論文アブストラクト： As the landscape of wearable devices continues to expand, power remains a major issue for adoption, usability, and miniaturization. Users are faced with an increasing number of personal devices to manage, charge, and care for. In this work, we argue that power constraints limit the design space of wearable devices. We present AlterWear: an architecture for new wearable devices that implement a batteryless design using electromagnetic induction via NFC and bistable e-ink displays. Although these displays are active only when in proximity to an NFC-enabled device, this unique combination of hardware enables both quick, dynamic and long-term interactions with persistent visual displays. We demonstrate new wearables enabled through AlterWear with dynamic, fashion-forward, and expressive displays across several form factors, and evaluate them in a user study. By forgoing the need for onboard power, AlterWear expands the ecosystem of functional and fashionable wearable technologies.
論文アブストラクト： Outdoor play has been proven to be beneficial for children's development. HCI research on Heads-Up Games suggests that the well-known decline in outdoor play can be addressed by adding technology to such activities. However, outdoor play benefits such as social interaction, creative thinking, and physical activity may be compromised when digital features are added. We present the design & implementation of a novel digitally-enhanced outdoor-play prototype. Our evaluation with 48 children revealed that a non-digital version of the novel outdoor play object afforded social play and game invention. Evaluation of the digitally-enhanced version showed reduced collaborative social interaction and reduced creative thinking when compared with baseline. However, we showed that specific sensing and feedback features better supported outdoor play benefits. For example non-accumulated feedback was shown to increase collaborative play and creative thinking in comparison to accumulated feedback. We provide evidence-based recommendations for designers of outdoor play technologies.
論文アブストラクト： We investigate a speculative future in which we celebrate happiness by capturing laughter and representing it in tangible forms. We explored technologies for capturing naturally occurring laughter as well as various physical representations of it. For several weeks, our participants collected audio samples of everyday conversations with their loved ones. We processed those samples through a machine learning algorithm and shared the resulting tangible representations (e.g., physical containers and edible displays) with our participants. In collecting, listening to, interacting with, and sharing their laughter with loved ones, participants described both joy in preserving and interacting with laughter and tension in collecting it. This study revealed that the tangibility of laughter representations matters, especially its symbolism and material quality. We discuss design implications of giving permanent forms to laughter and consider the sound of laughter as a part of our personal past that we might seek to preserve and reflect upon.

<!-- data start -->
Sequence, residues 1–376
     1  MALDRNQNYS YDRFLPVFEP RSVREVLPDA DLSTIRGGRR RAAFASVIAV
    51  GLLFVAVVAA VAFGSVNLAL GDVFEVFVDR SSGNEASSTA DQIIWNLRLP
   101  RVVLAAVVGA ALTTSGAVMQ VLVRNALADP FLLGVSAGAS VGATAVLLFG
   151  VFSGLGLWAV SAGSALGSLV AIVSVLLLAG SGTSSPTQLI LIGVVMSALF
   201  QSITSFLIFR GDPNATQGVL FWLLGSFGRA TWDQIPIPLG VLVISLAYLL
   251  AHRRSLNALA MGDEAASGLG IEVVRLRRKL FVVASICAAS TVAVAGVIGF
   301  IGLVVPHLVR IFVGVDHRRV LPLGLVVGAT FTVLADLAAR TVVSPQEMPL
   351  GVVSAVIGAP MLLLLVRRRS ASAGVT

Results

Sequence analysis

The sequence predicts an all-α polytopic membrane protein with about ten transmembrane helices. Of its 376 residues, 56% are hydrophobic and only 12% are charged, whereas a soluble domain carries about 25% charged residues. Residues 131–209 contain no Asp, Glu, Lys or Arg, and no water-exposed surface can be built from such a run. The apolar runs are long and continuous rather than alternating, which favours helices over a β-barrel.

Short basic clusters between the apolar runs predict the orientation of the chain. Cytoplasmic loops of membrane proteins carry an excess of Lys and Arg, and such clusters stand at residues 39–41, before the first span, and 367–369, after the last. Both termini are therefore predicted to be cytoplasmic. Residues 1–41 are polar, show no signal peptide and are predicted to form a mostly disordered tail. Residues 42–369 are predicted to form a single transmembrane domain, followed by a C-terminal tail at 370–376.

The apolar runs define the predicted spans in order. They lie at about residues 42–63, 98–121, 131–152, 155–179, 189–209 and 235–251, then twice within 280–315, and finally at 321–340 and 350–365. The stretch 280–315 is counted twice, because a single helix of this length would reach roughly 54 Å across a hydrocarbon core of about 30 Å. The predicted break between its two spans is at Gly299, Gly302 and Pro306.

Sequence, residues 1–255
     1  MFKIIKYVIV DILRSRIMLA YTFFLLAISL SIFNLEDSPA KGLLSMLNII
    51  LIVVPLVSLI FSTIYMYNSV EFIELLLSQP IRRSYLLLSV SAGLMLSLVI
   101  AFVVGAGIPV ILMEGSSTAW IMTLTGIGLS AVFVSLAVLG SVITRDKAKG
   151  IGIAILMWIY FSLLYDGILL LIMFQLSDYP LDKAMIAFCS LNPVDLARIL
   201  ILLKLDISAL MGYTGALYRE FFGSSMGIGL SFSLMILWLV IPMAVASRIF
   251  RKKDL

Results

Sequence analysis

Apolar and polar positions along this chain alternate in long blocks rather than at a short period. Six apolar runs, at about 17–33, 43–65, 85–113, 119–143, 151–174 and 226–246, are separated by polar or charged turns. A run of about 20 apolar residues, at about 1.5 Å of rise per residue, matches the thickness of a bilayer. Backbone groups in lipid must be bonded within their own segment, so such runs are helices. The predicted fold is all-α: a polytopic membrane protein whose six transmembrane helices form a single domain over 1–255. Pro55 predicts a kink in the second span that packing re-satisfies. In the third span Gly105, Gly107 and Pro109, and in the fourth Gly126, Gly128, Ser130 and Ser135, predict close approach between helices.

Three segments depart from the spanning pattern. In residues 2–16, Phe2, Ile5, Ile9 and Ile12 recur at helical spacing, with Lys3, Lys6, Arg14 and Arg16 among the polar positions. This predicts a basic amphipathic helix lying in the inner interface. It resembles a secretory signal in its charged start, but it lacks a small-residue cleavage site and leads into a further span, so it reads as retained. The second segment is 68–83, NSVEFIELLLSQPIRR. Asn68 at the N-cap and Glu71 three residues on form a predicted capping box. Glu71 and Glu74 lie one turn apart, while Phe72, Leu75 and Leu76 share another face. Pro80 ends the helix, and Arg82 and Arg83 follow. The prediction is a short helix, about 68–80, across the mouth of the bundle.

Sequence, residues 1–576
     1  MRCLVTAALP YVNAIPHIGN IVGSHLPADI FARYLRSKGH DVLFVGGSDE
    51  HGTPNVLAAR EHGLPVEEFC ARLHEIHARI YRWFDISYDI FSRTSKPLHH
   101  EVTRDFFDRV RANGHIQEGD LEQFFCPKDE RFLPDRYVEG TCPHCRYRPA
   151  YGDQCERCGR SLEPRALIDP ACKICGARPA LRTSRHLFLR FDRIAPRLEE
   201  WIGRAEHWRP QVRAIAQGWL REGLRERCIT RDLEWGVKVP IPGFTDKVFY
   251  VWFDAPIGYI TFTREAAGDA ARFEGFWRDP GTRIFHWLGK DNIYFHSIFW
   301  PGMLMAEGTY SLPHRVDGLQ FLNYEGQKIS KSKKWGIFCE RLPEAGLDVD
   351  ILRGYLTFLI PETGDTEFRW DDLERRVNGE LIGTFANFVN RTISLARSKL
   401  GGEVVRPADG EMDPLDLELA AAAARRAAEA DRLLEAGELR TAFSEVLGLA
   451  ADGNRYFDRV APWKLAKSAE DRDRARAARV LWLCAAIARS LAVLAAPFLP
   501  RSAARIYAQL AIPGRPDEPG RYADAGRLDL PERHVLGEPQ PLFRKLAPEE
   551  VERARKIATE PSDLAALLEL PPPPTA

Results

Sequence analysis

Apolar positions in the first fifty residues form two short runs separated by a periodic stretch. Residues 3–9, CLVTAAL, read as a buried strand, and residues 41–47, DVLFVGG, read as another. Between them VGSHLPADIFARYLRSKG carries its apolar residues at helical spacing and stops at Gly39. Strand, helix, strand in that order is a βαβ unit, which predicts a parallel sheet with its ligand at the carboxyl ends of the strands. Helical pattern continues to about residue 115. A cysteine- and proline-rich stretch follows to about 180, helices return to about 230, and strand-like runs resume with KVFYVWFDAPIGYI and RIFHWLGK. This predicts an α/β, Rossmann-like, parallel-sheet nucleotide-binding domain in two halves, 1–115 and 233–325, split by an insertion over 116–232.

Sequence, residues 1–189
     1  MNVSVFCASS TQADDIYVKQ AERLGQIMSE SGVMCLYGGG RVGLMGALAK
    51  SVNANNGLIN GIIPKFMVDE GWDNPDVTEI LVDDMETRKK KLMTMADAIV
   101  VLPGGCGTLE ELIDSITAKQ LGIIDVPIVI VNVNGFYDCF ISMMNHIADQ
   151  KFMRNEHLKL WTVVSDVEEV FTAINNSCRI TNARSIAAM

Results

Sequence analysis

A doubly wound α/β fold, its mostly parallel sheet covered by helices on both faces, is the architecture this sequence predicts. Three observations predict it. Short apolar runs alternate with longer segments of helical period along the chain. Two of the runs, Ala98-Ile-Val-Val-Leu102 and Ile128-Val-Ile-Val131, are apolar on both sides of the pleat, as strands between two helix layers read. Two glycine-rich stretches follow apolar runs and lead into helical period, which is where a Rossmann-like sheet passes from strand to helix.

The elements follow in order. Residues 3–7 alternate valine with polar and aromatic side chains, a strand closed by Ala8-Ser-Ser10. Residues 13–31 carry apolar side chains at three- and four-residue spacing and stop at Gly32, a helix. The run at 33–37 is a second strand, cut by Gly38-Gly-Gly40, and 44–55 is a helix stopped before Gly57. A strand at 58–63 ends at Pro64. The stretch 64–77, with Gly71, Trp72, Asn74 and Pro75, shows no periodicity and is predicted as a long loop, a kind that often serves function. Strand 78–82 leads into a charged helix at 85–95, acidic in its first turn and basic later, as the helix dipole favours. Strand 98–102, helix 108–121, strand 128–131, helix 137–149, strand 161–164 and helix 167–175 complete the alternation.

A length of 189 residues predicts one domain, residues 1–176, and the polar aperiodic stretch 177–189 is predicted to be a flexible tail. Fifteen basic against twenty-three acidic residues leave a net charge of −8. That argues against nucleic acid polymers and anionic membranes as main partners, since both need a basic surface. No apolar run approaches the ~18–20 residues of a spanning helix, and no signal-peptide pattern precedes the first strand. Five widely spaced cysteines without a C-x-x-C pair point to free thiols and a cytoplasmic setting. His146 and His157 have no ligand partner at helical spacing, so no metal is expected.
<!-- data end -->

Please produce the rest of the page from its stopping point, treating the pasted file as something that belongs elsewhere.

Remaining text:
論文アブストラクト： The wide availability of body-sensing technologies (such as Nintendo Wii and Microsoft Kinect) has the potential to bring full-body interaction to the masses, but the design of hand gestures and body movements that can be easily discovered by the users of such systems is still a challenge. In this paper, we revise and evaluate Framed Guessability, a design methodology for crafting discoverable hand gestures and body movements that focuses participants' suggestions within a "frame," i.e. a scenario. We elicited gestures and body movements via the Guessability and the Framed Guessability methods, consulting 89 participants in-lab. We then conducted an in-situ quasi-experimental study with 138 museum visitors to compare the discoverability of gestures and body movements elicited with these two methods. We found that the Framed Guessability movements were more discoverable than those generated via traditional Guessability, even though in the museum there was no reference to the frame.